Despite being cooped up with her husband, son, daughter and brother-in-law for the better part of a year, Nora Paris’s favourite thing to talk about is still her family. The Calgary-based senior crude quality analyst on the Supply, Trading and Optimization team lights up when she talks about them, the adventures they’ve had together over the last year, and special celebrations she’s planned for birthdays and other milestones.
“The restrictions have forced us to be creative in the activities we do,” says Nora. “We usually do them with other people; now we have to entertain ourselves.”
It’s a challenge they’ve met head on. In the past year, they’ve tripled the amount of hikes they do, taken up skiing and ice skating, made meals together, figured out camping without the convenience of a friend’s camper nearby, played a pile of board games, done a scavenger hunt in downtown Calgary and thrown Pinterest-worthy birthday parties.
Still, she readily acknowledges the past year has been tough – just as it has been for all families. She noticed her kids, 13-year-old Gabriela and 10-year-old Juan Diego, struggling while they were at home for online learning and away from their friends. She dearly missed frequent large gatherings with their friends, whom she considers family since many of her relatives are in Venezuela. And she found she had no patience and would blow up at her family over small things like dropped towels.
“We can get frustrated with each other easily; I am guilty of that,” she says. “You have to recognize there’s a problem and then talk to them about it.”
Nora’s situation is common, says Iordanka Petzanova, Suncor’s mental health specialist. “Being confined to our homes without access to our usual coping strategies, such as gyms or seeing friends, adds stress, and many people I speak to are feeling very tense around their family members.”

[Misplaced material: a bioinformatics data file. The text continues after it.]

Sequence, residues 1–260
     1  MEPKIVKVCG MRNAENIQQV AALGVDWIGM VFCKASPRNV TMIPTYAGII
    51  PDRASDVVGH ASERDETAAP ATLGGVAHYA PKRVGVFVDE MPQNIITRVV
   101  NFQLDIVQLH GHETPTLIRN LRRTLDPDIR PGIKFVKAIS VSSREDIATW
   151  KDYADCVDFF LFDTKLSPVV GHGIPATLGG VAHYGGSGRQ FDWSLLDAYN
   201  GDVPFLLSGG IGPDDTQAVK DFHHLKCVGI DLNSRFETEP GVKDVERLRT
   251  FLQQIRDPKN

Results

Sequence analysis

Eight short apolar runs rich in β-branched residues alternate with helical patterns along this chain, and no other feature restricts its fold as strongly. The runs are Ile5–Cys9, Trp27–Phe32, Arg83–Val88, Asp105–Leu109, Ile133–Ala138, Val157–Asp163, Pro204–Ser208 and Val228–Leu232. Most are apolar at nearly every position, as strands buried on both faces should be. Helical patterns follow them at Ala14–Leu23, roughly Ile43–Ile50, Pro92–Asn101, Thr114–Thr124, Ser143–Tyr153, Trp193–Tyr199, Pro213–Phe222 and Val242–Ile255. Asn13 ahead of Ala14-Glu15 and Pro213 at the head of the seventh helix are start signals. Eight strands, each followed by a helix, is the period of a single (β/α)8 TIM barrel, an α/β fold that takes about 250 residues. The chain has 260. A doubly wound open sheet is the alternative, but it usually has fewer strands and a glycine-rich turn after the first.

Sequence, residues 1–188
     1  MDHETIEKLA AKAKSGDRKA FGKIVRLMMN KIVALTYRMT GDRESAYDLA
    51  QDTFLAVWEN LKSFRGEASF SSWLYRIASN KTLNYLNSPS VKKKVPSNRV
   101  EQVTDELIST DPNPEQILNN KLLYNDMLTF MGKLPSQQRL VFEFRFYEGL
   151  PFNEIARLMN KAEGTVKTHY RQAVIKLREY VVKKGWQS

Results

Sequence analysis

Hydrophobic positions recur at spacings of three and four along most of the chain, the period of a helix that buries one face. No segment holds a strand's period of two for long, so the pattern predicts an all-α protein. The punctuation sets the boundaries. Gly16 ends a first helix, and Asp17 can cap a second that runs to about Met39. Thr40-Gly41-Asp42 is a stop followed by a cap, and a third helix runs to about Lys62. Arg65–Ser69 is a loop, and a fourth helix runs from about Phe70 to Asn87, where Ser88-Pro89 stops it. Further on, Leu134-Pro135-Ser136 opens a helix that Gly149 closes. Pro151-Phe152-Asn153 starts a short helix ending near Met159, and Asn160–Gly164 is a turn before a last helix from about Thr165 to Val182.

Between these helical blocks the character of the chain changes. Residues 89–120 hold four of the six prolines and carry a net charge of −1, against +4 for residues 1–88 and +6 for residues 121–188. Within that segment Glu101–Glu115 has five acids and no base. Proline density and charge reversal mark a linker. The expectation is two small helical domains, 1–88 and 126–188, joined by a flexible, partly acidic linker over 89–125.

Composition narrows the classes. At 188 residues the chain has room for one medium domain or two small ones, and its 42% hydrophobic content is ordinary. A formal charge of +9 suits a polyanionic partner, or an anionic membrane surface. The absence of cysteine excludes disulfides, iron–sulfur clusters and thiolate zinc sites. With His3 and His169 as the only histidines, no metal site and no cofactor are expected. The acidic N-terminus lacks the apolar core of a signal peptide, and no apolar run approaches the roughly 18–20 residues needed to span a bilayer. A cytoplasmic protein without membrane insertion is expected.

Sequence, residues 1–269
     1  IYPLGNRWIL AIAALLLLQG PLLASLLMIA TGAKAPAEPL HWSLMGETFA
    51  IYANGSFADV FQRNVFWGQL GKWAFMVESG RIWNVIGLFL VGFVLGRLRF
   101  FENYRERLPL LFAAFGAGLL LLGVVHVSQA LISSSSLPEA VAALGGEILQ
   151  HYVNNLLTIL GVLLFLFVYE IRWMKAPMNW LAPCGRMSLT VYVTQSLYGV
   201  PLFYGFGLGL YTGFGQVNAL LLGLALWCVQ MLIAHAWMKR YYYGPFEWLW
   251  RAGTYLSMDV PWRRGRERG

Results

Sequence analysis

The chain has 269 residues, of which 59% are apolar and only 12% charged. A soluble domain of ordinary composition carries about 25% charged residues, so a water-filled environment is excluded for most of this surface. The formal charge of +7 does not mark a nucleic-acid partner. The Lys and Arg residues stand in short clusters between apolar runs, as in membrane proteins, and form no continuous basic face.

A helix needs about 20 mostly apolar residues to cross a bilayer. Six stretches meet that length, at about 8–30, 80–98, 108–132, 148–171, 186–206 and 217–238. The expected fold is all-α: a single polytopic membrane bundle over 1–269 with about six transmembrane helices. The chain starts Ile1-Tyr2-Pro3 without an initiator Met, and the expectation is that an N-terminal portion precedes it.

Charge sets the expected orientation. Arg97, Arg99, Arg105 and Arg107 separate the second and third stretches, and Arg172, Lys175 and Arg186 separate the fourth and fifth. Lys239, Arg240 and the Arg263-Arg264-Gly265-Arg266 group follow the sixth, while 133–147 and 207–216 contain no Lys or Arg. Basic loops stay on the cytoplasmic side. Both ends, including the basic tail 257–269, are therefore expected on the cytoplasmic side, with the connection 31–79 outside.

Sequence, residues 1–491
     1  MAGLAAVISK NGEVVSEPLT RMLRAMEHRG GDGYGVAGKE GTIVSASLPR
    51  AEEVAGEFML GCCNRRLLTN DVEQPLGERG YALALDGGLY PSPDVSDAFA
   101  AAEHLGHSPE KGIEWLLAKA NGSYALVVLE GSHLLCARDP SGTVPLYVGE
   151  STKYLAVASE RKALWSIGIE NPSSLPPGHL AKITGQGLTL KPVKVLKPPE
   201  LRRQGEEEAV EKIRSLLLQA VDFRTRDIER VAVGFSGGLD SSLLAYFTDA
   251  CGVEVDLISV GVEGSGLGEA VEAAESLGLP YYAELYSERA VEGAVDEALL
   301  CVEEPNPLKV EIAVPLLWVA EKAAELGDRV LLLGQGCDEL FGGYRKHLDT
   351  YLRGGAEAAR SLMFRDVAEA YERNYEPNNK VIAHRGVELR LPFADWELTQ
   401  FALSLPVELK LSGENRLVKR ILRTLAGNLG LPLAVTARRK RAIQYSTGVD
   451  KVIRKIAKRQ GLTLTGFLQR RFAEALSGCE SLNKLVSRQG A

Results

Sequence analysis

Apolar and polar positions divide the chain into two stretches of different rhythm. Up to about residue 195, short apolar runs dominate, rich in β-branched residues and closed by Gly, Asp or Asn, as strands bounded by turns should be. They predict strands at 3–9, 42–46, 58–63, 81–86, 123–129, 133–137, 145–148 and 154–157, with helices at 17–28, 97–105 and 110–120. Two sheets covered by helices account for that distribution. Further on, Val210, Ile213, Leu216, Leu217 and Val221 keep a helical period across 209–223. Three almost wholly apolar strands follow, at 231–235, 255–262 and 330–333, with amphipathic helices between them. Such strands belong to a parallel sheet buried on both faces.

This is compounded by additional worries that have come with the pandemic.
“As a company and as an industry, we have dealt with a lot,” says Iordanka. “No matter how resilient an individual is, this situation affects all of us and will have an impact on how we relate with our families and the conversations we have at the dinner table.”
She recommends that no matter how much we love spending quality time with our family, some alone time can be extremely beneficial.
“Being together 24/7 is not healthy for any relationship. Whether we are talking about how much time we spend with a romantic partner or our children, it is important to balance that with time for ourselves and self-care - even in a pandemic,” she says. “Make time for your hobbies and the things that make you happy. When we recharge our batteries through self-care, we are able to show up and spend time with our families and loved ones in a more meaningful and present way.”
When it comes to Family Day (the official one), Iordanka recommends that however families spend it, they should do so free of distractions and devices – sometimes a tall order when many of us are steps away from our workstations. “Being fully present in the moment and giving others our time and undivided attention can often be the best way to celebrate each other and honour the connections with those around us.”
Nora and her family should have no problem with that as they unplug and head out to the mountains for Family Day to test their skating skills. “We’re going to showcase our new prowess on skates,” she says with a laugh.